Unfortunately, this post won’t contain any code as a lot of it is still under development, but I thought it worth showing what I’m currently working on. I currently have two tools I’m close to completing; Water Simulations and Voxel Rendering. I’ll explain a little more below, but first, here’s a quick example of what they look like.
The water simulation started because I was curious whether it would be possible to create simulations in Nuke, and after a quick look around I found Sprut, a really nice simulator for some simple 2D water effects by Theodor Groeneboom. However, I wanted to make something with a bit more control. My, as yet, unnamed water simulator (I’m open to suggestions!) takes up to three inputs: “Source”, “Terrain” and “Water”.
Source is read every frame for any additional water being added to the system. It can also be used as a drain by giving negative numbers. This way you can easily animate a water source turning on/off, moving or even a swirling drain.
Terrain acts like a 2D height map, allowing water to flow down to lower areas, or be blocked by walls. For example, I gave the following sequence a noise pattern and let water flow down for a result that looks like expanding rivers.
Water is used to give an initial state for the water, if you wanted to start with a full pool for example. It can also be given a frame from a previous simulation and can continue simulating from it.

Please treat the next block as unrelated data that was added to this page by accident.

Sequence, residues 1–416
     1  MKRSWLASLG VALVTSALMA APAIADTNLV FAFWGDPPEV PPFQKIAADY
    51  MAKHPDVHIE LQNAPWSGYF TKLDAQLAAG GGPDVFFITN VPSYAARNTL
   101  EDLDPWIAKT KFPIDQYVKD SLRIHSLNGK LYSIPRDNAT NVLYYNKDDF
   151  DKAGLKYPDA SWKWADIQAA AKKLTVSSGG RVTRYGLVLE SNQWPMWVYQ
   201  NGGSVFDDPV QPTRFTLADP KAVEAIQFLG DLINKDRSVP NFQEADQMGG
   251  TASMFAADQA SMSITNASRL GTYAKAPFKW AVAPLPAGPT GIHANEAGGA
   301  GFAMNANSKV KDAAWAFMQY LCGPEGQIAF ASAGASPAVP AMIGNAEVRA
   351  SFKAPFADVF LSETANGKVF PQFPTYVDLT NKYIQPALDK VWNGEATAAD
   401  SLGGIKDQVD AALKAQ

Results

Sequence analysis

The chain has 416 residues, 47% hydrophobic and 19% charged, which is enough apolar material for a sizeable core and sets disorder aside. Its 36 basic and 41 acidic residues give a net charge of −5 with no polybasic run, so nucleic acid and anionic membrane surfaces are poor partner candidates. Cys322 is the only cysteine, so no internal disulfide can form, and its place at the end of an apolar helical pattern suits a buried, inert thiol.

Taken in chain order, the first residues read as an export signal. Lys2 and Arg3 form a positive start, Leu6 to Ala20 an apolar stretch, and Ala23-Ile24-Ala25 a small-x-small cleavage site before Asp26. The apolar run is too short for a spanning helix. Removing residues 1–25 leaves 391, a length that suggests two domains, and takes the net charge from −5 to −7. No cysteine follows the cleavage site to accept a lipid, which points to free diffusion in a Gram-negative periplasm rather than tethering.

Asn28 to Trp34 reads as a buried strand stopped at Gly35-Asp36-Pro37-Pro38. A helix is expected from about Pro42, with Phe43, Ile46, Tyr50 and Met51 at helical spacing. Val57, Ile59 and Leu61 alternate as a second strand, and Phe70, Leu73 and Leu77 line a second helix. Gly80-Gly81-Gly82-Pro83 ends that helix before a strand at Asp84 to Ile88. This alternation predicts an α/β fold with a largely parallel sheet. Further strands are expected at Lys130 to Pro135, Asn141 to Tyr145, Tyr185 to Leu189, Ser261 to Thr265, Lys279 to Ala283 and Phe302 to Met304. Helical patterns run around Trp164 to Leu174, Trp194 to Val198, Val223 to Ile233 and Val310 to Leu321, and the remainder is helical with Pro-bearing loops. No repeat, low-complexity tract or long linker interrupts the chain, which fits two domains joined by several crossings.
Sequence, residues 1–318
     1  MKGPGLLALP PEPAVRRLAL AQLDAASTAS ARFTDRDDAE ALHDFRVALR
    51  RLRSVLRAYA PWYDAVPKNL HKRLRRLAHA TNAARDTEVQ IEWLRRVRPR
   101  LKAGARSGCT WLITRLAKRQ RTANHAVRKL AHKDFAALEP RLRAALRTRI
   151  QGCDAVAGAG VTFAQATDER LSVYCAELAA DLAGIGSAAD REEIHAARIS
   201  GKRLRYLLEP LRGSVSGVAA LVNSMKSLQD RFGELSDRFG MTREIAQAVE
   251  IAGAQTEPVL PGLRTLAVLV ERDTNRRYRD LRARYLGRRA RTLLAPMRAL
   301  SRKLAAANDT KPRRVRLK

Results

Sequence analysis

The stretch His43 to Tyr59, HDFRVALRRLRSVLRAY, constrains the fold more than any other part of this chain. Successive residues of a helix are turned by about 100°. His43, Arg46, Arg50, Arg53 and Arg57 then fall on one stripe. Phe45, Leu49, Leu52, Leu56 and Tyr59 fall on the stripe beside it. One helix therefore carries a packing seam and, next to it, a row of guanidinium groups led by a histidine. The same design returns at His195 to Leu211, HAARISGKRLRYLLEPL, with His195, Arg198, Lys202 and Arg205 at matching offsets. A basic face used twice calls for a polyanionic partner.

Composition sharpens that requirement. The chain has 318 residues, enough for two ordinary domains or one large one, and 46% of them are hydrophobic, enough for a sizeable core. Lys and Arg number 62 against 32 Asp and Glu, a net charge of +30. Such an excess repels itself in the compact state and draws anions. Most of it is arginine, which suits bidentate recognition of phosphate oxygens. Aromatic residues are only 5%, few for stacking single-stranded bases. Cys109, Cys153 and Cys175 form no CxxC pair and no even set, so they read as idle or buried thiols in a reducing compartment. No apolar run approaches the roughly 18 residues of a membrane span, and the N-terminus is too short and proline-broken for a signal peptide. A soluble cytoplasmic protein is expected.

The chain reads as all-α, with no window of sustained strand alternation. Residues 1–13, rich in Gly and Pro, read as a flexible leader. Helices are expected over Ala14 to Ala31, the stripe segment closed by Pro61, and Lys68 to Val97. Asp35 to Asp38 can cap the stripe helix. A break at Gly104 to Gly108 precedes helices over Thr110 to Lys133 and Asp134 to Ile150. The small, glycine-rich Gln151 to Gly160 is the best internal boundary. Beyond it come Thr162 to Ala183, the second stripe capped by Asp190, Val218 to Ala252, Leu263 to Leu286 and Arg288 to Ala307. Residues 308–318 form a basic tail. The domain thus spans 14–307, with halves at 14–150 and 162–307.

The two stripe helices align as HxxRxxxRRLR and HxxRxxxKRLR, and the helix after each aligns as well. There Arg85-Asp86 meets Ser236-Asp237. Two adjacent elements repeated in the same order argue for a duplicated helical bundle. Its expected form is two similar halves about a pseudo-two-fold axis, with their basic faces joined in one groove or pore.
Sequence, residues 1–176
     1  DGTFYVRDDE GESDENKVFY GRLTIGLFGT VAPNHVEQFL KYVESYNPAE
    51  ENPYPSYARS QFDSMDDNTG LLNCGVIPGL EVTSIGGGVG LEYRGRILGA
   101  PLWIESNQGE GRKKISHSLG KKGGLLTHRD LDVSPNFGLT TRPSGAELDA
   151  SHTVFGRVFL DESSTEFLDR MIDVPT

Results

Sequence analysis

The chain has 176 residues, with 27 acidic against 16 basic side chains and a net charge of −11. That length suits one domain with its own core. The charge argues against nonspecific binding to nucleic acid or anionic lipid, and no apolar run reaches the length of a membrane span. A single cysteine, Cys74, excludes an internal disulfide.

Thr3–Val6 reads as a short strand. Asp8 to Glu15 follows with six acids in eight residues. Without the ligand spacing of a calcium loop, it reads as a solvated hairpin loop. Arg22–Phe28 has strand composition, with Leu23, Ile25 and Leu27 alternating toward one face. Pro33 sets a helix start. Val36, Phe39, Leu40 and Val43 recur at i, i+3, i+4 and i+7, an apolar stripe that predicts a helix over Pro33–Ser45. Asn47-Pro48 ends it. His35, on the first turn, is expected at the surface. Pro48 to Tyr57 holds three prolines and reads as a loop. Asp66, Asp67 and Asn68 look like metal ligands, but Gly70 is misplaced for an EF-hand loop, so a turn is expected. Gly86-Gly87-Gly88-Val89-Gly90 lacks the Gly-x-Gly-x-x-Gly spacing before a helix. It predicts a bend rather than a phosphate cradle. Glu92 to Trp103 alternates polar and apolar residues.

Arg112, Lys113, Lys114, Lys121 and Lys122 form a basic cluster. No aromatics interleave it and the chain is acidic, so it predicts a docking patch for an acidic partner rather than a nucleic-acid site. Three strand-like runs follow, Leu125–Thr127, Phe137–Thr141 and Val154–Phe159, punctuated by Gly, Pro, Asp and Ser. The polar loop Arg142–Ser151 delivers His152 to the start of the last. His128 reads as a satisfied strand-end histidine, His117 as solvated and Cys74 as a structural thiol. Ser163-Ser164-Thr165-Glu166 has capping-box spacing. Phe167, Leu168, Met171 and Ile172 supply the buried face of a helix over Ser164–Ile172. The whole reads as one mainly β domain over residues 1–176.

The voxel renderer is, albeit, a little obsolete following the impressive work of Hagbarth and vortechs_fx, but a fun project nonetheless. It’s a series of nodes, which can be used to Generate a voxel grid, generate Noise within the grid, Light it and Render it to screen. I’m also planning to apply a lot of the simulation logic used in the water simulator to see if it’s light enough to simulate basic smoke effects within Nuke.
The methods are heavily optimised for GPU rendering through blink script, and currently runs at Full HD in near real time for a 50 x 50 x 50 grid. The rendering method is currently using trilinear interpolation to smooth out the result, but there a number of interesting methods out there that I’m hoping to explore before releasing, so it may be a while before this one gets uploaded anywhere.
I don’t have too much to show on this one, however, I quite enjoyed the look of a lot of the bug-testing renderers I had to make, so please enjoy the breakdown of each ray as it walks through the voxels of a 3x3x3 grid: